Zooplankton Dynamics in Wastewater Treatment High Rate Algal Ponds and development of effective control methods
Montemezzani, V. (2017). Zooplankton Dynamics in Wastewater Treatment High Rate Algal Ponds and development of effective control methods (Thesis, Doctor of Philosophy (PhD)). The University of Waikato, Hamilton, New Zealand. Retrieved from https://hdl.handle.net/10289/11389
Permanent Research Commons link: https://hdl.handle.net/10289/11389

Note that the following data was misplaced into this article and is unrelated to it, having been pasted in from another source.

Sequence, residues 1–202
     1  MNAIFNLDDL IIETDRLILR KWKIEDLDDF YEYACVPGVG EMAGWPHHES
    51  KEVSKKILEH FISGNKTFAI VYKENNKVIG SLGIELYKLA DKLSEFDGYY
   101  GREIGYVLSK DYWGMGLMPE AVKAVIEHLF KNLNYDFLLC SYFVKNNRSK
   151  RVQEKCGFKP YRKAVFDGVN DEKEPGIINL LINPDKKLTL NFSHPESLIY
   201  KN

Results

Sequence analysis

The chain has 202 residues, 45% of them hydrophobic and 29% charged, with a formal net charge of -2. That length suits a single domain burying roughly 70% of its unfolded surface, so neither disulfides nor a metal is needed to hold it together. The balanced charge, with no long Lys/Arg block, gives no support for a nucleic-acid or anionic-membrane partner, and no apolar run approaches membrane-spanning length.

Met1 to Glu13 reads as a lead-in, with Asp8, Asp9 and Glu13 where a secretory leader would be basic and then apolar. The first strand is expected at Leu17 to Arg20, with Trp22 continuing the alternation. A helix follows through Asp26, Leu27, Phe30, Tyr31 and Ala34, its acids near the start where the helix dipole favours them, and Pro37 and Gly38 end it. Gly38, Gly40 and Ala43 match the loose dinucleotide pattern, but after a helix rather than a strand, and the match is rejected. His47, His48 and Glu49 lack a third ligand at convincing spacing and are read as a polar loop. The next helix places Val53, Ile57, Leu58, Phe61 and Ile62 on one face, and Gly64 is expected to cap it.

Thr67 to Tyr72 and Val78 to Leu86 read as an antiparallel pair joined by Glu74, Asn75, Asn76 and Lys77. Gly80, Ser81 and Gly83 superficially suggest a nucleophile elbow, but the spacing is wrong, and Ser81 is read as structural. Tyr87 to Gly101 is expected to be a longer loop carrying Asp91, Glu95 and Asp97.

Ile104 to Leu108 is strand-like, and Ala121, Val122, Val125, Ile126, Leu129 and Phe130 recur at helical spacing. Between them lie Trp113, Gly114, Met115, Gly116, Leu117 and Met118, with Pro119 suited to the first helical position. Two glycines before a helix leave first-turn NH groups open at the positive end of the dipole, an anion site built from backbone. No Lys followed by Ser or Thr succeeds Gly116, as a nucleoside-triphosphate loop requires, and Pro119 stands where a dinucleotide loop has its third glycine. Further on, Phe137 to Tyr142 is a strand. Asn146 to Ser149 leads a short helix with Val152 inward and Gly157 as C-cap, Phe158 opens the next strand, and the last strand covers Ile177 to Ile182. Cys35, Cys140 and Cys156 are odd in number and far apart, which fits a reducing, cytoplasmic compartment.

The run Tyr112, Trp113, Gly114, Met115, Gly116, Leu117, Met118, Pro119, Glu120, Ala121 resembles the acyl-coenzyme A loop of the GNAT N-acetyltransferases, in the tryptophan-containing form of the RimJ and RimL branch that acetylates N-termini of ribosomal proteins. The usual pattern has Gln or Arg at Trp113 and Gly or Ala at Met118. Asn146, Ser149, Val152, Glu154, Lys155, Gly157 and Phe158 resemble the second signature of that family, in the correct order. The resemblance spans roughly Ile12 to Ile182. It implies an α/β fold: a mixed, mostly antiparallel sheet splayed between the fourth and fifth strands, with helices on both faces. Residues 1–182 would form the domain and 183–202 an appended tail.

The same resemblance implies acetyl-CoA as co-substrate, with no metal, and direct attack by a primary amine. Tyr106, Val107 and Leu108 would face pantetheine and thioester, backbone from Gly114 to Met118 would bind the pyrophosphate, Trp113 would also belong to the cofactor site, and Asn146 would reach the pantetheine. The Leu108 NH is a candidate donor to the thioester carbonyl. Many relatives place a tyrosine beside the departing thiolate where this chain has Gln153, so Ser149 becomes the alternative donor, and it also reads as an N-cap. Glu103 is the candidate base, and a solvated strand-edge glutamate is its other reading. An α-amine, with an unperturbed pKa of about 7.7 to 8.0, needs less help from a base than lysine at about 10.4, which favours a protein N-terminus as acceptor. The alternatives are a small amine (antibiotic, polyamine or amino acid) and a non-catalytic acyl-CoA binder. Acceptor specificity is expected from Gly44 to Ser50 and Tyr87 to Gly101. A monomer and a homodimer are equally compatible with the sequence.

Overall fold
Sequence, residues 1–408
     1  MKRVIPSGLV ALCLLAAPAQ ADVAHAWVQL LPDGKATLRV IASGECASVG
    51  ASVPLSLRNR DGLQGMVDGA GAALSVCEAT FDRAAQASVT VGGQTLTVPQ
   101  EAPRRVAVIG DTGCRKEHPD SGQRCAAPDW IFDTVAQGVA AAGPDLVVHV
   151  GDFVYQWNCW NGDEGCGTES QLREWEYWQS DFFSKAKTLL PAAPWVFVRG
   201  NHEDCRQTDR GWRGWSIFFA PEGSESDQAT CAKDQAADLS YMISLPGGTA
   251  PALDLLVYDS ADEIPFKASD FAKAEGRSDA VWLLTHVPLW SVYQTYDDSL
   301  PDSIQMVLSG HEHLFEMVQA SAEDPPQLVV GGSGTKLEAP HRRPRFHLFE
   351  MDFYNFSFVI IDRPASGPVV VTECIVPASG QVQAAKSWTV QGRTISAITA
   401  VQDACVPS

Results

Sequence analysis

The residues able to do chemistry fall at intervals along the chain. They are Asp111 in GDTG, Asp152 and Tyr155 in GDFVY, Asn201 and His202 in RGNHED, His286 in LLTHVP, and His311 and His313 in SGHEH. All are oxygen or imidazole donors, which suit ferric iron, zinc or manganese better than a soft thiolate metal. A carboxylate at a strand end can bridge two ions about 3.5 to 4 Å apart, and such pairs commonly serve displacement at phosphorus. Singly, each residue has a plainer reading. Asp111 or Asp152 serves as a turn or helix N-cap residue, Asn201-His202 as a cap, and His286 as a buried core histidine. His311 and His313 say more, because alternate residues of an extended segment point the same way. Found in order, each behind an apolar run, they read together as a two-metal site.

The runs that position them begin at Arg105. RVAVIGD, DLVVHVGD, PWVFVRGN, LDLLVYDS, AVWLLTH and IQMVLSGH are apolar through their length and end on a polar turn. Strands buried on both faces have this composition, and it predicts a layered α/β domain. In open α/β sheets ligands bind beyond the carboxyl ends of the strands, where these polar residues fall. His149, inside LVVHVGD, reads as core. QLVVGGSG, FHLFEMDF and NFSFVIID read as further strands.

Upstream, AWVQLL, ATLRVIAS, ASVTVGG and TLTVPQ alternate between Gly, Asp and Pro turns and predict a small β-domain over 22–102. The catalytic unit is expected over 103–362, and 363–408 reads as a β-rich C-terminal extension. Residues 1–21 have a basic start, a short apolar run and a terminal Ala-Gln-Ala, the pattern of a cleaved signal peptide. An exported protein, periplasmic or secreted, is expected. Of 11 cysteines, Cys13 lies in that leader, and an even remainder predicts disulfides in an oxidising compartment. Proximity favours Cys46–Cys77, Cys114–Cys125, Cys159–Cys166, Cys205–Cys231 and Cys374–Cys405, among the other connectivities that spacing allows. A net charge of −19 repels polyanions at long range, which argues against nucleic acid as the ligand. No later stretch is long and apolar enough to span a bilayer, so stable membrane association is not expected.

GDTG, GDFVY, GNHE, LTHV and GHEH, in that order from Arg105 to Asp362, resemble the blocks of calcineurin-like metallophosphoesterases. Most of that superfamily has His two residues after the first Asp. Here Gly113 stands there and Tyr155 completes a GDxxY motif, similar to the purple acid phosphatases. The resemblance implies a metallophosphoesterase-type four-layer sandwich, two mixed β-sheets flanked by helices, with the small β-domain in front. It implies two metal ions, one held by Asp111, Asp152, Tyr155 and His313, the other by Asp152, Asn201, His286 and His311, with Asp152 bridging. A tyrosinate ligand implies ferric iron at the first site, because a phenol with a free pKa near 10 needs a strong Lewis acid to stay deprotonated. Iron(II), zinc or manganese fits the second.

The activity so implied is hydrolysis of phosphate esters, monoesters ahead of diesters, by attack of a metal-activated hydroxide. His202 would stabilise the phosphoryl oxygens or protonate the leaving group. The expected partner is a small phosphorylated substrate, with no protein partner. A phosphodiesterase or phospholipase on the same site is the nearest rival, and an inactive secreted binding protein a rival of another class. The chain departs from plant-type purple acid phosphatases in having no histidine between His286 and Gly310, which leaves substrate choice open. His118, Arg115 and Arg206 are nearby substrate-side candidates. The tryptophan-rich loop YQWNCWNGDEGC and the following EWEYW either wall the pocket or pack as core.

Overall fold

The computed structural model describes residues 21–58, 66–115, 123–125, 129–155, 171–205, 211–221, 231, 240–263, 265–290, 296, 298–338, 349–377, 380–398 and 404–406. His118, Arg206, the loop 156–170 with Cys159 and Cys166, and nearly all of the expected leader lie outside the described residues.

High Rate Algal Ponds (HRAPs) are effective and economical open pond to provide near tertiary-level wastewater (WW) treatment, with the nutrients recovered as algal biomass. However, WW treatment performance can be reduced by the establishment of zooplankton grazers which can consume much of the algal biomass within a few days. The high food availability and the near neutral pH in HRAPs offer optimal conditions for the establishment of zooplankton taxa including cladocerans and rotifers. The control of these zooplankton species is essential for the effective operation of HRAPs. This thesis research was aimed at designing cost-effective treatments to control zooplankton population densities applicable to full-scale HRAPs. In this thesis, I: 1) reviewed existing and potential methods for zooplankton control in HRAPs; 2) assessed environmental and biological parameters for two wastewater HRAPs with CO₂ addition using a 14 month large-scale field experiment; 3) assessed chemical CO₂ asphyxiation, biological control of rotifers using competitor species, mechanical disruption of zooplankton using hydrodynamic shear stress, and the mechanical removal of zooplankton using filtration, using controlled laboratory conditions; 4) validated chronic CO₂ asphyxiation of zooplankton, the biocontrol of rotifers using the cladoceran M. tenuicornis and the ostracod H. incongruens, the control of M. tenuicornis using filtration and the hydrodynamic disruption of zooplankton, using outdoor mesocosms with physicochemical and operational conditions similar to those of full scale HRAPs; 5) assessed night time CO₂ asphyxiation to control zooplankton densities in an 8 m³ HRAP over 14 months. During the 14 months of the field experiment, zooplankton dynamics in paired 8 m³ HRAPs eight species of zooplankton established, with higher water temperatures and longer detention times promoting larger populations. Grazing pressure was associated with changes in the dominance of microalgal species; large and rapid reductions of productivity; reduced nutrient removal; increased colony size, number of cells in colonies and formation of protective spines in microalgae; and higher biomass settleability. Maintaining a dominance of colonial microalgae, operating HRAPs with short retention times, and facilitating competition among zooplankton species showed to potentially reduce grazer populations. Promising options for zooplankton control included physical methods such as filtration, hydrodynamic cavitation, shear, bead mills; chemical methods such as increase of HRAP night-time CO₂ concentration, promotion of the lethal un-ionized ammonia toxicity, use of biocides, and the chitinase inhibitor chitosan; biocontrol using competitor and predatory organisms. In the laboratory tests CO₂ asphyxiation caused acute mortality of all zooplankton species (t<10 min). Increasing the cladoceran Moina tenuicornis to densities >2,500 individuals/L was associated with a decrease in rotifer populations that were ~23% of the population in the control. The ostracod Heterocypris incongruens at densities >1,000 individuals/L were also associated with a decrease in rotifer densities that were ~27% of the population in the control. Hydrodynamic shear stress killed 100% of M. tenuicornis and ~80% of the rotifer Brachionus calyciflorus after a single pass. In outdoor mesocosms a continuous CO₂ concentration of ~100 mg/L maintained low pond water zooplankton densities, while a continuous concentration of ~180 mg/L killed all microcrustaceans and rotifers present. As biocontrol agents, M. tenuicornis at ~2,000 individuals/L reduced average rotifer densities by 90%, and H. incongruens at ~1,000 individuals/L removed all rotifers. Mechanical filtration using 300 µm and 500 µm filters eradicated M. tenuicornis after one and four filtration periods, respectively. Mechanical hydrodynamic stress killed up to 100% of microcrustaceans, and ~50% of larger rotifers. Zooplankton control using night time CO₂ asphyxiation in an 8 m³ HRAP reduced the average population densities of some zooplankton species over the experimental period: M. tenuicornis (41.3%), the copepod Paracyclops fimbriatus (43.9%), the rotifer Filinia longiseta (59.8%), but was associated with higher average population densities of others: H. incongruens (174.4%), the rotifers Asplanchna sieboldi (177.8%), Cephalodella catellina (200.0%), and B. calyciflorus (234.9%). However, the population densities of B. calyciflorus and C. catellina were always reduced after CO₂ treatments with flow rates ≥2 L/min were applied. The cladoceran Daphnia thomsoni and the rotifer Brachionus urceolaris established only in the control HRAP. Zooplankton control by CO₂ asphyxiation improved the overall performance of the treated WW HRAP compared to the control in several ways, including increasing algal biomass (VSS) (150.8%), productivity (151.4%), chlorophyll-a concentration (161.8%), particle size (MCSA) (115.8%), and average settleability efficiency (189.2%). Furthermore, M. tenuicornis was concentrated in the upper 50 mm of a 300 mm deep water column using vertical migration induced by CO₂ concentrations of between 25-180 mg/L in laboratory experiments, and by phototaxis-induced migration in an 8 m³ HRAP. This suggested that mechanical treatments such as filtration and hydrodynamic stress could be performed to the upper layer of the pond water, reducing the amount of water processed and the overall treatment costs. Overall, CO₂ asphyxiation appeared to be the most reliable, versatile, and effective zooplankton control treatment. All treatments reduced or eradicated zooplankton populations and promoted higher productivity of microalgae cultures. However, the efficacy of treatments to control diverse zooplankton species differed, and the implementation of any control strategy in a given system requires a preliminary assessment of zooplankton succession to identify the species able to consume the dominant microalgae that could establish in the system. Treatments can be dosed and combined to selectively kill specific zooplankton species. Moreover, zooplankton at controlled densities could potentially be used as a bio tool to improve biomass settleability or to consume unwanted microalgal species.